Lizzie M. Holmes

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Lizzie M. Holmes (b. Lizzie Hunt Swank, 1850)<ref>Blaine McKinley (1990), "Free Love and Domesticity: Lizzie M. Holmes, Hagar Lyndon (1893), and the Anarchist-Feminist Imagination, in The Journal of American Culture, Volume 13, Issue 1 (Spring 1990). 55.</ref> was an anarchist-feminist seamstress, writer and labor organizer, active from the 1870s through the 1910s. Holmes wrote prolificly for labor papers, radical journals and freethought publications including Liberty, Mother Earth, Lucifer the Lightbearer the Boston Investigator, The American Federationist, The Tailor, The International Wood-Worker, and Instead of a Magazine.

Holmes began her radical career as a member of the Socialist Labor Party, then joined the anarchist-influenced International Working People's Association in 1883.<ref>Blaine McKinley (1990), "Free Love and Domesticity: Lizzie M. Holmes, Hagar Lyndon (1893), and the Anarchist-Feminist Imagination, in The Journal of American Culture, Volume 13, Issue 1 (Spring 1990). 55.</ref> In 1886, she and her second husband Will Holmes harbored Albert Parsons while the police searched for him after the Haymarket bombing, and she was later arrested with Lucy Parsons when police refused to allow Mrs. Parsons and her children time for a final good-bye to Albert Parsons on the morning he was to be hanged.

Later in life, Holmes continued to profess a belief in Anarchism as an "ideal" but became more heavily involved in the Socialist Party of America, claiming that state socialism represented some practical hope for progress while the hopes for anarchy remained remote.

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Anarchism: Its Philosophy and Scientific Basis (1887)

"Arrest of Mrs. Parsons and Children", in Albert Parsons, Anarchism: Its Philosophy and Scientific Basis as Defined by Some of Its Apostles (1887). Chicago: Mrs. A.R. Parsons.

Under the deep shadow of that awful tragedy, enacted on the eleventh day of November, many shameful deeds passed almost unnoticed; the gloom, so dense that the close of the century will scarcely see it lightened, veiled the blackness of injustices that would have appalled the hearts of the people if thrown up against the light of freedom in brighter days. Now, it is well that they be brought forth for investigation; the judgment of the people must be given on proceedings done in the name of "law and order," in this so-called free country.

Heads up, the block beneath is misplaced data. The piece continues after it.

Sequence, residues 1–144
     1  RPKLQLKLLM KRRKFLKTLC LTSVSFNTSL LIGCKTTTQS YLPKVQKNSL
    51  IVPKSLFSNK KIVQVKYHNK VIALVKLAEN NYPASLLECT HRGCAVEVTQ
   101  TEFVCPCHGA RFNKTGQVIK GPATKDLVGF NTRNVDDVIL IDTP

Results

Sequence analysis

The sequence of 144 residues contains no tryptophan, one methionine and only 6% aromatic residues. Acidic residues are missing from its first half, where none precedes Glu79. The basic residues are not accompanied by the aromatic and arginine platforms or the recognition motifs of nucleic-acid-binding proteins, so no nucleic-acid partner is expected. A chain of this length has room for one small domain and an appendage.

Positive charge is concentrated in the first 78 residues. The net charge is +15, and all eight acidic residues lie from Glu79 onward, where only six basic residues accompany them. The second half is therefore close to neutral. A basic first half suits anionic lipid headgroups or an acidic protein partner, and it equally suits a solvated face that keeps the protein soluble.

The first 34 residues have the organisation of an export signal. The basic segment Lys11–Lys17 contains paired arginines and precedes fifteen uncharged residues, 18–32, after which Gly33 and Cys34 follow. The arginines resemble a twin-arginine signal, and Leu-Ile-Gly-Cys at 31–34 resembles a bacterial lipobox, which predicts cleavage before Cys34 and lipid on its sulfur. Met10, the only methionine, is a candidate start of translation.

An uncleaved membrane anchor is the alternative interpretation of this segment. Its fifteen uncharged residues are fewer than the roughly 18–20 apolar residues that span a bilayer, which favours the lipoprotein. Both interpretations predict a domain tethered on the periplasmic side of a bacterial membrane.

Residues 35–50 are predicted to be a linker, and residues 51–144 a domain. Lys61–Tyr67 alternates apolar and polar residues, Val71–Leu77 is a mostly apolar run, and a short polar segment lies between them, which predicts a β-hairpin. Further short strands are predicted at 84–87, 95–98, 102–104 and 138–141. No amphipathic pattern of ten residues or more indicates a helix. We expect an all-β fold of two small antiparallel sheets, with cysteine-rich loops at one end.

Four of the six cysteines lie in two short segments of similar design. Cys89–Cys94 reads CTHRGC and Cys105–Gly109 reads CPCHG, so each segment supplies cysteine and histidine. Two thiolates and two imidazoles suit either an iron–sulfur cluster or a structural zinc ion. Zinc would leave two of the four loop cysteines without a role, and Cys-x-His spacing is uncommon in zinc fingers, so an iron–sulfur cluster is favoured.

It will be remembered that in the extras of Friday Nov. 11th a casual notice of the arrest of Mrs. Parsons "for persistent disobedience of orders," and that of a a lady friend "for haranging the people" was given. The officers were reported as being "very courteous and gentle," and the ladies "were given arm-chairs at the registry office merely to keep them away from the crowd and prevent trouble."
This is the true story: On Thursday evening after Governor Oglesby's tardy decision had been given, Mrs. Parsons accompanied Mr. Holmes and myself, went to the jail to plead for a last sad interview. She was denied an entrance, but was told be the deputy-sheriff in charge that she would be admitted at half-past eight the following morning. At that time she, with her children and myself was promptly as near to the gates as the police would permit. Every street for two blocks away leading towards the jail was crossed by rope and guarded by a line of police armed with Winchester rifles. At the first corner Mrs. Parsons quietly made known her errand. The lieutenant said she could not get in there, but that she should pass on to the next corner, and the officer there would let her through.